Every game is educational, every game presents a challenge to overcome and requires the gamer to learn something to overcome that challenge. A game has to be fun which is a combination of feelings like challenge, power, freedom, achievement and reward. Games are fun and addictive because of this sense of achievement, because the gamers feel they are learning something. Learning is addictive, when a game is mastered and there are no achievements ("official" or self-motivated) left to obtain it becomes boring, usually it becomes boring as hell and the gamer seeks for a new source of challenges, something new to learn and master.

Games are fun as far as there is something new to learn and master. Education is basically about learning. They seem to be perfect allies. Why are educational games a niche full of games that don't seem any fun when compared with the best sellers? On educational games the stress seems to be on the educational part, and not on the game part. A game has to be fun. Educational games are usually constrained by a syllabus, they focus on presenting stuff in a clear and educational way, which is good, but not the nature of a game.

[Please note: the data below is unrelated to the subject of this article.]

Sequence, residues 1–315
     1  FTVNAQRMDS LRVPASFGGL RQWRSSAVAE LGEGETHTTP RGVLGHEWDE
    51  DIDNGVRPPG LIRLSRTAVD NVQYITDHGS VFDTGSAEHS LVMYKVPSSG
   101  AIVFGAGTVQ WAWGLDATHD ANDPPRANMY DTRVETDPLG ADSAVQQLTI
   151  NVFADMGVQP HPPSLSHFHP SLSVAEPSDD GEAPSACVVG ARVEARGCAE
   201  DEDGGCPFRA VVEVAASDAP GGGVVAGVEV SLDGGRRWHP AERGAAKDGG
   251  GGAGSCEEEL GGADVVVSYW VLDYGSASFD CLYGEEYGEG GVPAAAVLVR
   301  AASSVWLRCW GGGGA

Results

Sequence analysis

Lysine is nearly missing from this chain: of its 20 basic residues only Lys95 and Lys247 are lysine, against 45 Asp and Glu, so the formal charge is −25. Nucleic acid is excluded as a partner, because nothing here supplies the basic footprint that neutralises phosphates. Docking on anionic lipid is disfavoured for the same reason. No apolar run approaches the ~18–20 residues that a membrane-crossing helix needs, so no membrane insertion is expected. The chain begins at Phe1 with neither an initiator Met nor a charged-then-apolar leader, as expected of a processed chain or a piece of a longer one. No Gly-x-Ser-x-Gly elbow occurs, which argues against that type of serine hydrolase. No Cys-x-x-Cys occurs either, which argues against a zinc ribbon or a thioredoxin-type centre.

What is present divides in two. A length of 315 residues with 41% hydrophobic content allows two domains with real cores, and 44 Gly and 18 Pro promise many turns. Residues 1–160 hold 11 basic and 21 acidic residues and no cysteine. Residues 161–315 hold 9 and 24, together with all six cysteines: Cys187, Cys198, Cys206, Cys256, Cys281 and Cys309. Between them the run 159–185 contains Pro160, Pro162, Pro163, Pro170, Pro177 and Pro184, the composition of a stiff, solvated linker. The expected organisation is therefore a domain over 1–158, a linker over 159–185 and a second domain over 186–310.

Every game is educational, a point that those making "educational games" seem to be missing, they have to, otherwise their whole model would collapse if every game was an "educational game". The focus is set on trying to make education fun, trying to make a game out of it, but it is from the same old perspective of the knowledge that is to be conveyed, not on the game, the challenge or the use of this knowledge. Paradoxically, educators are meant to make everything easy to understand, not challenging, thus the game becomes boring, with this the game fails as a game, and without emotions the education fails as an aid to learning, because the best way to make something memorable is to attach an emotional load to it, it is well known there is a strong link between emotion and memory.